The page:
Heard this before?
The desire to induce change is stamped all over this book – but the inspiration to do so is lacking.
Author: Joyce Meyer Publisher: FaithWords, 188 pages
EAT the Cookie… Buy the Shoes – with such a tempting, indulgent title, who could resist picking up this book and expecting life-changing messages and advice to flow from its pages? But what I actually ended up learning from it is, well, that the old adage about not judging a book by its cover is quite right.
While the cookie and shoes are indeed metaphors for things you enjoy, and Joyce Meyer, a best-selling author of inspirational books, does indeed encourage you to take a break and indulge yourself, you may need the following prerequisites to fully enjoy this book: (i) you are of the Christian faith; (ii) you love being preached to; and (iii) you don’t mind having old ideas rehashed and presented to you in a new package.
The overall premise of Eat the Cookie ... Buy the Shoes is balancing self-discipline with selfreward; it’s a premise that applies to a lot of people, but especially to those who feel guilty about giving themselves a break when there’s more yet to be accomplished.
One of the most powerful messages that Meyer keeps coming back to is “know when to stop”: stop working and take a break; stop to laugh and lighten up; stop to rest and refu- el your gas tank. Most importantly, give your soul a vacation because, as Meyer writes, “rest is not inactivity, but the harmonious working together of all the faculties and affection – of will, heart, imagination and conscience”.
But I feel that Meyer pushes the message too hard, using every little excuse to “have a party”. If you’re finding it hard to relax and give yourself a breather, it’s not likely you’ll take her seriously, as her efforts to make a celebration out of anything and everything may come across as frivolous.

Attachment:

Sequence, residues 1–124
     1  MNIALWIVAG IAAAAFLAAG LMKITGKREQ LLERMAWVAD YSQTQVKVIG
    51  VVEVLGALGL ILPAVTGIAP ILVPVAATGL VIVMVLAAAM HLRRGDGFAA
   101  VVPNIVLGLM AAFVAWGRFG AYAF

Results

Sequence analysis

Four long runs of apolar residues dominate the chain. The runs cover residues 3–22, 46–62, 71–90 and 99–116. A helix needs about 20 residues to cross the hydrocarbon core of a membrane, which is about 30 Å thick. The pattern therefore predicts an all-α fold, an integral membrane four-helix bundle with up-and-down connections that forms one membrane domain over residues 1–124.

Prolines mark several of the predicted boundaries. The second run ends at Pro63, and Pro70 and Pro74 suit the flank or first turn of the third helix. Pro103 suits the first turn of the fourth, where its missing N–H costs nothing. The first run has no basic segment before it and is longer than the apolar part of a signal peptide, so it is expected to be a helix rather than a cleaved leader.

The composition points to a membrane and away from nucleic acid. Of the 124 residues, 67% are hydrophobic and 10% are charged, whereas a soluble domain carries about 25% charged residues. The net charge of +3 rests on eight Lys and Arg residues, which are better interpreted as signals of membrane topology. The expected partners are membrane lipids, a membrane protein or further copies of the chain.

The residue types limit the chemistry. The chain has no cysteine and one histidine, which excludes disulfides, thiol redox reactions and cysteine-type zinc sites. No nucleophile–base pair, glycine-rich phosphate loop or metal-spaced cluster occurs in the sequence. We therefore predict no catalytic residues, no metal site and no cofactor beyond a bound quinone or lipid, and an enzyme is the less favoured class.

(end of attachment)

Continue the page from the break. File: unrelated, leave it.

The author’s advice works best when she’s not quoting scripture or paying homage to God, such as in the section that expounds the virtues of not coveting what others have and being satisfied with what we have. It comes across as more intimate, more personal instead of preachy. Sometimes, I find her views too simplistic; for example, trust in God and you will have nothing to worry about for He will supply all your needs and you will be able to live free from worry, anxiety and fear. If we do not believe in this, perhaps we need to have more faith?
Meyer also writes that she often has to hide the “meat of the word” under “dessert titles” to get people to listen to her, comparing it to the tactic of wrapping turkey or cheese around a pill to get her dog to take it, thinking it’s a treat. To me, it feels like this book is a bit like that – a vehicle for Meyer to preach her Christian values under the guise of encouraging readers to take time out for themselves.
Eat the Cookie ... Buy the Shoes is written for a specific demographic, and if you’re not in that demographic, chances are you may feel overwhelmed by the religious references, as the book is peppered with quotes from scripture throughout.
These quotes will not have any relevance or significance if you’re not a believer, which leaves readers of other faiths unable to connect with the book’s messages. That’s a shame, as the themes of taking care of, rewarding and celebrating ourselves are universal.
Then again, these messages are not new revelations. They are old truths that most of us know, though we could all use reminders of them once in a while when we get too caught up in the rat race to notice that we are not taking good care of ourselves.
Although Meyer provides good lessons and plenty of personal anecdotes, the substance isn’t there and I kept getting that déjà vu feeling that “I’ve heard all of this before”.
If you’re the type who keeps to a strictly regimented lifestyle and who doesn’t give yourself a break, reading this book probably won’t change you. If you need convincing that you deserve a break, I don’t think this book will lessen your guilt if you do take that break.
The desire to induce a change in our attitude towards a balanced life is there in this book but I just didn’t find it inspiring enough to convince me to make that change.